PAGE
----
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The internet as a civic space

Dahlgren, Peter LU (2015) In Handbook of Digital Politics p.17-17
Abstract
To talk about the internet as a civic space requires some preliminary conceptualization; thus, first I briefly discuss two models of democracy – elitist and republican – to show that the ideals of civic participation can vary considerably. This is illuminated by a discussion of the role of the net in electoral and alternative politics. From there I approach civic space through two key concepts: civil society and the public sphere. I underscore the analytic importance of power relations in understanding the extent and character of participation (and exclusion). Thereafter I turn to research findings and debates on internet and political participation, looking at the arguments of ‘enthusiasts’ and ‘sceptics’. I claim that it is essential to... (More)
To talk about the internet as a civic space requires some preliminary conceptualization; thus, first I briefly discuss two models of democracy – elitist and republican – to show that the ideals of civic participation can vary considerably. This is illuminated by a discussion of the role of the net in electoral and alternative politics. From there I approach civic space through two key concepts: civil society and the public sphere. I underscore the analytic importance of power relations in understanding the extent and character of participation (and exclusion). Thereafter I turn to research findings and debates on internet and political participation, looking at the arguments of ‘enthusiasts’ and ‘sceptics’. I claim that it is essential to grasp the various contingencies, manifested as dynamic configurations, that impact on how the internet is used. In this regard the political economy, as well as the technical architecture of the net, loom large. In socio-cultural terms, the net has become a historically new habitus for political participation. Lastly, I offer the framework of civic cultures as a way of empirically and critically analysing concrete situations of the internet as a civic space. The chapter concludes with some proposals for future research. (Less)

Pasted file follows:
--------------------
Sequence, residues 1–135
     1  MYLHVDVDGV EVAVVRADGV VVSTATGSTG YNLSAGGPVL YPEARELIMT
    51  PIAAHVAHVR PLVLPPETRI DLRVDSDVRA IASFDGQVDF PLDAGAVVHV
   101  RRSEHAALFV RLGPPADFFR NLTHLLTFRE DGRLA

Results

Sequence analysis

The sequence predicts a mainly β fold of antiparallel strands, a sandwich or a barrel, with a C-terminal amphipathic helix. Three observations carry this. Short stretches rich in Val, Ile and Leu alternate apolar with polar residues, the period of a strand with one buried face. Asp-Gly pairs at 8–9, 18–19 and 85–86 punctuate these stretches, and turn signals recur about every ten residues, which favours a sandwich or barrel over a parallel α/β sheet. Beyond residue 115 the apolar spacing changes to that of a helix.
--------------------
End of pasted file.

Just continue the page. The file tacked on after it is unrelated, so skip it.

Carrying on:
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author
organization
publishing date
type
Chapter in Book/Report/Conference proceeding
publication status
published
subject
keywords
innovation and technology, innovation policy, technology and ict, politics and public policy, public choice
in
Handbook of Digital Politics
editor
Coleman, Stephen and Frenlon, Deen
pages
34 pages
publisher
Edward Elgar Publishing Ltd.
external identifiers
  • Scopus:84957975385
ISBN
9781782548751
DOI
10.4337/9781782548768
language
English
LU publication?
yes
id
54f7b147-34d1-4fe8-8a74-a10ca473fce2
date added to LUP
2016-05-23 09:11:19
date last changed
2016-10-13 05:09:19
@misc{54f7b147-34d1-4fe8-8a74-a10ca473fce2,
  abstract     = {To talk about the internet as a civic space requires some preliminary conceptualization; thus, first I briefly discuss two models of democracy – elitist and republican – to show that the ideals of civic participation can vary considerably. This is illuminated by a discussion of the role of the net in electoral and alternative politics. From there I approach civic space through two key concepts: civil society and the public sphere. I underscore the analytic importance of power relations in understanding the extent and character of participation (and exclusion). Thereafter I turn to research findings and debates on internet and political participation, looking at the arguments of ‘enthusiasts’ and ‘sceptics’. I claim that it is essential to grasp the various contingencies, manifested as dynamic configurations, that impact on how the internet is used. In this regard the political economy, as well as the technical architecture of the net, loom large. In socio-cultural terms, the net has become a historically new habitus for political participation. Lastly, I offer the framework of civic cultures as a way of empirically and critically analysing concrete situations of the internet as a civic space. The chapter concludes with some proposals for future research.},
  author       = {Dahlgren, Peter},
  editor       = {Coleman, Stephen and Frenlon, Deen},
  isbn         = {9781782548751},
  keyword      = {innovation and technology,innovation policy,technology and ict,politics and public policy,public choice},
  language     = {eng},
  pages        = {17--17},
  publisher    = {ARRAY(0xb019e00)},
  series       = {Handbook of Digital Politics},
  title        = {The internet as a civic space},
  url          = {http://dx.doi.org/10.4337/9781782548768},
  year         = {2015},
}